keywords = "Conflict resolution, Construal, Integrative, Negotiation, Psychological distance, Time",
author = "Henderson, {Marlone D.} and Yaacov Trope and Carnevale, {Peter J.}",
year = "2006",
month = "10",
doi = "10.1037/0022-3514.91.4.712",
language = "English (US)",
volume = "91",
pages = "712--729",
journal = "Journal of Personality and Social Psychology",
issn = "0022-3514",
publisher = "American Psychological Association Inc.",
number = "4",

}

TY - JOUR

T1 - Negotiation from a near and distant time perspective

AU - Henderson, Marlone D.

AU - Trope, Yaacov

AU - Carnevale, Peter J.

PY - 2006/10

Y1 - 2006/10

N2 - Across 3 experiments, the authors examined the effects of temporal distance on negotiation behavior. They found that greater temporal distance from negotiation decreased preference for piecemeal, single-issue consideration over integrative, multi-issue consideration (Experiment 1). They also found that greater temporal distance from an event being negotiated increased interest in conceding on the lowest priority issue and decreased interest in conceding on the highest priority issue (Experiment 2). Lastly, they found increased temporal distance from an event being negotiated produced a greater proportion of multi-issue offers, a greater likelihood of conceding on the lowest priority issue in exchange for a concession on the highest priority issue, and greater individual and joint outcomes (Experiment 3). Implications for conflict resolution and construal level theory are discussed. Copyright by the 2006 American Psychological Association.

AB - Across 3 experiments, the authors examined the effects of temporal distance on negotiation behavior. They found that greater temporal distance from negotiation decreased preference for piecemeal, single-issue consideration over integrative, multi-issue consideration (Experiment 1). They also found that greater temporal distance from an event being negotiated increased interest in conceding on the lowest priority issue and decreased interest in conceding on the highest priority issue (Experiment 2). Lastly, they found increased temporal distance from an event being negotiated produced a greater proportion of multi-issue offers, a greater likelihood of conceding on the lowest priority issue in exchange for a concession on the highest priority issue, and greater individual and joint outcomes (Experiment 3). Implications for conflict resolution and construal level theory are discussed. Copyright by the 2006 American Psychological Association.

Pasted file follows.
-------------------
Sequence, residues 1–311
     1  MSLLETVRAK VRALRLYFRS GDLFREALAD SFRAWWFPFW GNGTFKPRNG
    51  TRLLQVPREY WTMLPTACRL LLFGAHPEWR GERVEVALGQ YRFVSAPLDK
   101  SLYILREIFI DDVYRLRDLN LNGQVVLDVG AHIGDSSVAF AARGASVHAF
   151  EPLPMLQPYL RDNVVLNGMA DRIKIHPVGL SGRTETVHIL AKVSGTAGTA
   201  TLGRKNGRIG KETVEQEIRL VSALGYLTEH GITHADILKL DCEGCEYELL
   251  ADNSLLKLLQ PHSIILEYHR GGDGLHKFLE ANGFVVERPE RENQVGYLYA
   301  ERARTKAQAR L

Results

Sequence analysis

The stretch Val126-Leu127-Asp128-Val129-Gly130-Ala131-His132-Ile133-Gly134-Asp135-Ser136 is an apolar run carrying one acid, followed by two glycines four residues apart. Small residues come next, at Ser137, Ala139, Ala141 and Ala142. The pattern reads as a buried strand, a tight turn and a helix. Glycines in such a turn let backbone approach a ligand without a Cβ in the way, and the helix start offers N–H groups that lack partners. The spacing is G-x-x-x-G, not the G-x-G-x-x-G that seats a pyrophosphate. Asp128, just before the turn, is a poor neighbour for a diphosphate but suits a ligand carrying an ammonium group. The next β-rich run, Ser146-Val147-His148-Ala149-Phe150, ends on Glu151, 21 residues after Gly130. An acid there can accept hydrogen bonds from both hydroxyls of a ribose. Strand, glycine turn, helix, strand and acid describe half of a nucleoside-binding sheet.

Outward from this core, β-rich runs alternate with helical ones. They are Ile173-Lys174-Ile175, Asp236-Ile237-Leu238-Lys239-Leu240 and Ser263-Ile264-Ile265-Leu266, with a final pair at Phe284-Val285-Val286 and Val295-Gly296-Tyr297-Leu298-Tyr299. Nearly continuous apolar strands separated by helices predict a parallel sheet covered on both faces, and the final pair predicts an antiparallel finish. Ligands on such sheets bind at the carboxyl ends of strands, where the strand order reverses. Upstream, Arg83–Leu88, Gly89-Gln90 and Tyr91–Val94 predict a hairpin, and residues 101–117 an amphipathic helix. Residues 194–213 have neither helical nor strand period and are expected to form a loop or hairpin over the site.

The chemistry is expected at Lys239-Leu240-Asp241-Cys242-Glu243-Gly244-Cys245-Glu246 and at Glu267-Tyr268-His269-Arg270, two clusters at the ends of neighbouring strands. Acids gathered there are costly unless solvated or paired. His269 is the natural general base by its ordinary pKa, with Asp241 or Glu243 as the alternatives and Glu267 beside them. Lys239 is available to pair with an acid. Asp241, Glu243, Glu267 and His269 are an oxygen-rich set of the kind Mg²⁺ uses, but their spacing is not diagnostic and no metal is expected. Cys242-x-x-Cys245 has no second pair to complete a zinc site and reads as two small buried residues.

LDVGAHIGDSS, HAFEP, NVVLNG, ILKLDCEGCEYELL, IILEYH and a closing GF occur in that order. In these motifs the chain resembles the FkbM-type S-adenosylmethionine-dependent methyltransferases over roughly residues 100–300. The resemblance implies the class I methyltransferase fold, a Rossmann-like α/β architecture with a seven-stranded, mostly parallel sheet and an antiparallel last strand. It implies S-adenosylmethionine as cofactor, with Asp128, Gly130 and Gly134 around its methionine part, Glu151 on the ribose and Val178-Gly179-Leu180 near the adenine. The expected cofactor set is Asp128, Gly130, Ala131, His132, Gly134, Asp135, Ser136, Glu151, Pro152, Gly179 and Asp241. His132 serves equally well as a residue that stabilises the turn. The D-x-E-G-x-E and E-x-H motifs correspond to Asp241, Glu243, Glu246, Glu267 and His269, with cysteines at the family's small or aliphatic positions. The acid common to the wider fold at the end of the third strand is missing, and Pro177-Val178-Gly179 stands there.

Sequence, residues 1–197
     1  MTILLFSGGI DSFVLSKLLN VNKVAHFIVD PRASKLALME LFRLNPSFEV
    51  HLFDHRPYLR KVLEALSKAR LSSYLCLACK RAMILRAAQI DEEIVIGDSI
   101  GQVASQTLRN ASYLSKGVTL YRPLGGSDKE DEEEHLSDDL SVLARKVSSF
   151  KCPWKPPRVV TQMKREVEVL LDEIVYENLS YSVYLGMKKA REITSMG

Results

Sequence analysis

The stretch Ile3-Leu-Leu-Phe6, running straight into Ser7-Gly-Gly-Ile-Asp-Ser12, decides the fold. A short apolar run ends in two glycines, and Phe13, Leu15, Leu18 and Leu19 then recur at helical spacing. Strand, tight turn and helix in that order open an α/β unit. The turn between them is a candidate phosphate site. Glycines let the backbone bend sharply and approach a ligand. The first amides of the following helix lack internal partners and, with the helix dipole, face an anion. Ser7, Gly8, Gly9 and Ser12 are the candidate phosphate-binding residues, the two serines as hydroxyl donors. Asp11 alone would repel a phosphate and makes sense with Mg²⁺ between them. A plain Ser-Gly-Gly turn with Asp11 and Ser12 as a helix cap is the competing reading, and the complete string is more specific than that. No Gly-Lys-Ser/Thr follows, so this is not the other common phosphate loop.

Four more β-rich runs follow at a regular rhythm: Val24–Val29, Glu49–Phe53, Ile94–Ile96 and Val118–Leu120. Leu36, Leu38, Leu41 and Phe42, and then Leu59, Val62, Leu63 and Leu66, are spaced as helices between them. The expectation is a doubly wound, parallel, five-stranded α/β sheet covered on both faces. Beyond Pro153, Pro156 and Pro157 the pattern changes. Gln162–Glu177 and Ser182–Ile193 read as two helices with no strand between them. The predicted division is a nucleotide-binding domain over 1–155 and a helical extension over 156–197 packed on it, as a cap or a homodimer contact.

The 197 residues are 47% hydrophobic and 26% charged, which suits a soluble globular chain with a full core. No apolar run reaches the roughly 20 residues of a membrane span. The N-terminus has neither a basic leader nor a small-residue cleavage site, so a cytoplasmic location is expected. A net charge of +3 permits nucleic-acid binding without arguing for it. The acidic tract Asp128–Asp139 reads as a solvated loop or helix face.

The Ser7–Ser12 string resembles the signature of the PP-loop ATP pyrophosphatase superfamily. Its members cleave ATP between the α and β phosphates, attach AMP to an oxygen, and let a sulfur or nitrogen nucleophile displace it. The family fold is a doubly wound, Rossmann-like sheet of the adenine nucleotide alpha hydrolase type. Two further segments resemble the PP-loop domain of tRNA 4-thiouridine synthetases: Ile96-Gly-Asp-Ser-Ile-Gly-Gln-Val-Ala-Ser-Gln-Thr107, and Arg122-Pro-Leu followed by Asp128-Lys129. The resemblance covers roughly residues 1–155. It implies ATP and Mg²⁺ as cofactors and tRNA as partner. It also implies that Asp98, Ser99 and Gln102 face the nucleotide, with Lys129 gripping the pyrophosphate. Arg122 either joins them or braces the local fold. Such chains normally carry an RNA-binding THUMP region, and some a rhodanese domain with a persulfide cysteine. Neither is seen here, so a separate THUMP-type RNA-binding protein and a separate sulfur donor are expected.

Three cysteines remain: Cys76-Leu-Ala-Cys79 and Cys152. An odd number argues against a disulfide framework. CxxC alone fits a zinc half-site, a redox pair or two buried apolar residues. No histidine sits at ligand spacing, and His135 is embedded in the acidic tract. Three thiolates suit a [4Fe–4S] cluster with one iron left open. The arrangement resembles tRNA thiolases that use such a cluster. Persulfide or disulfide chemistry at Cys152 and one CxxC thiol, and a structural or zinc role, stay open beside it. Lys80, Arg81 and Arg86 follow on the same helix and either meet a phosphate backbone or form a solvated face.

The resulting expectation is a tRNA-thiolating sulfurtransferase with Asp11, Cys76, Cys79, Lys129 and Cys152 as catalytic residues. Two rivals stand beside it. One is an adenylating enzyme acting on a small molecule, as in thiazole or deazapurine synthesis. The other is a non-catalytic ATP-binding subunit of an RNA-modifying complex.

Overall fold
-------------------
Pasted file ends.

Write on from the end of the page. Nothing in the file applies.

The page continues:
KW - Conflict resolution

KW - Construal

KW - Integrative

KW - Negotiation

KW - Psychological distance

KW - Time

UR - http://www.scopus.com/inward/record.url?scp=33750149247&partnerID=8YFLogxK

UR - http://www.scopus.com/inward/citedby.url?scp=33750149247&partnerID=8YFLogxK

U2 - 10.1037/0022-3514.91.4.712

DO - 10.1037/0022-3514.91.4.712

M3 - Article

C2 - 17014295

AN - SCOPUS:33750149247

VL - 91

SP - 712

EP - 729

JO - Journal of Personality and Social Psychology

JF - Journal of Personality and Social Psychology

SN - 0022-3514

IS - 4

ER -